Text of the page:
Sadly another local tree needs removing.
This is what TFL have told me:
TFL will be undertaking works to removal a plane tree outside of 341 on Kennington Road. The works to remove the tree are programmed to be completed within the next 6-8 weeks. We would be grateful if you could inform any others within Lambeth Council you believe should to be aware of this decision. We will be installing a notice on the tree at least 10 days before the removal to inform members of the public of TFL decision and planned works. Any enquiries you receive can be directed to TfL Helpline telephone number: 0343 222 1234 or the TfL contact form:
The visual assessment of the physiological condition appears to indicate that the tree is in a fair condition but the notable defect is the cambium wound which progresses vertically from the lower canopy to the base of the tree on the north western side where a cavity has developed at the base.
Following last year’s annual defect survey, it was recommended to undertaken further decay detection in order ascertain the extent and risk the wound posed. The resistograph method was adopted in this instance and undertaken on the 15th of April 2020. For those unfamiliar, this device is used to establish the structural integrity of the internal wood structure i.e. its density and provides an output of resistance i.e. how much force is required for the drill bit to progress through the wood.
The readings were taken at 500mm above the base of the tree. The results of the restograph indicate that the cavity/decay within the tree is at least 53cm in diameter therefore the residual wall has only a thickness of 12cm. Applying Mattheck’s ratio for eccentric decay columns, the tree has a residual wall thickness of 0.18 based upon of t/R ratio of 12/65. A t/R of 0.18 is lower than the published failure threshold (t/R = 0.3). The effective ‘open cavity’ is less than 1/3rd the circumference of the tree and thus, would need exceed 43.3cm in diameter for this to be a sole consideration in the relative safety factor for this tree.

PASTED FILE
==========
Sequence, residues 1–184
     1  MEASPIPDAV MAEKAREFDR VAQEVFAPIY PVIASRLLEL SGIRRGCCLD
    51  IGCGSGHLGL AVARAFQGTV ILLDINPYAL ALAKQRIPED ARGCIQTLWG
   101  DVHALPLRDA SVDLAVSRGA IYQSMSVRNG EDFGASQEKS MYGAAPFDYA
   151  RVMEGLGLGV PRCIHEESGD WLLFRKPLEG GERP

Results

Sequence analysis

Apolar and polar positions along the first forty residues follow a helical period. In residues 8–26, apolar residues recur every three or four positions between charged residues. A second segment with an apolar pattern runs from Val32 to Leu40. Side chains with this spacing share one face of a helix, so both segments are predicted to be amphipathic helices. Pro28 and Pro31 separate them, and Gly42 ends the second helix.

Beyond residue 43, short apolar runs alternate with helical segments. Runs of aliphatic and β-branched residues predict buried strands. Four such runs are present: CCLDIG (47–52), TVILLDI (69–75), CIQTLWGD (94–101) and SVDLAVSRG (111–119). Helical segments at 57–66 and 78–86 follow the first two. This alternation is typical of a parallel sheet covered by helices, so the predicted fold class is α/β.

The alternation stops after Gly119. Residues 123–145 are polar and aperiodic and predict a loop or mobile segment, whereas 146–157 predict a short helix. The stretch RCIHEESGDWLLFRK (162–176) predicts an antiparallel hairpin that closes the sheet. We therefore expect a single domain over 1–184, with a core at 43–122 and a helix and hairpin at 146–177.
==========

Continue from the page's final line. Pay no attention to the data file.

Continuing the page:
To concluded, there is a greater risk of complete tree failure as a result of this defect. Therefore to ensure the safety of the Highway it is necessary for TFL to undertaken appropriate action.
We appreciate that the current amenity value of this tree is high; however, to mitigate the risk effectively would remove any amenity value the tree holds within the landscape. TFL do not believe there would be any benefit if this tree were to be a monolith. Given that there are numerous other mature trees within Kennington Rd the overall impact to the amenity of the streetscape will be limited were the tree to be removed and replaced. Replacing the tree also ensures there are no net loss in the street tree numbers, and allows any new tree to replace canopy in time, retain continuity within the character of the streetscape and will also improve the age diversity/resilience within the area.
Therefore, TFL believe the appropriate action is to remove the tree and replace during the next planting season.
And big holes in the ground at Kennington Cross…
In case you were wondering what was happening this was to try and repair the local gas main. We have, apparently, been affected by low pressure in the area and this was an attempt to find out why.
Cadent, the UK’s largest gas distribution network, discovered that the pipes were in need of replacement and had sometimes become mismatched over the years. They also found some disturbingly loose ends from some of the mains electric cables and street lights.
They will be filling in the holes again but will need to come back again.
Cllr Jon Davies.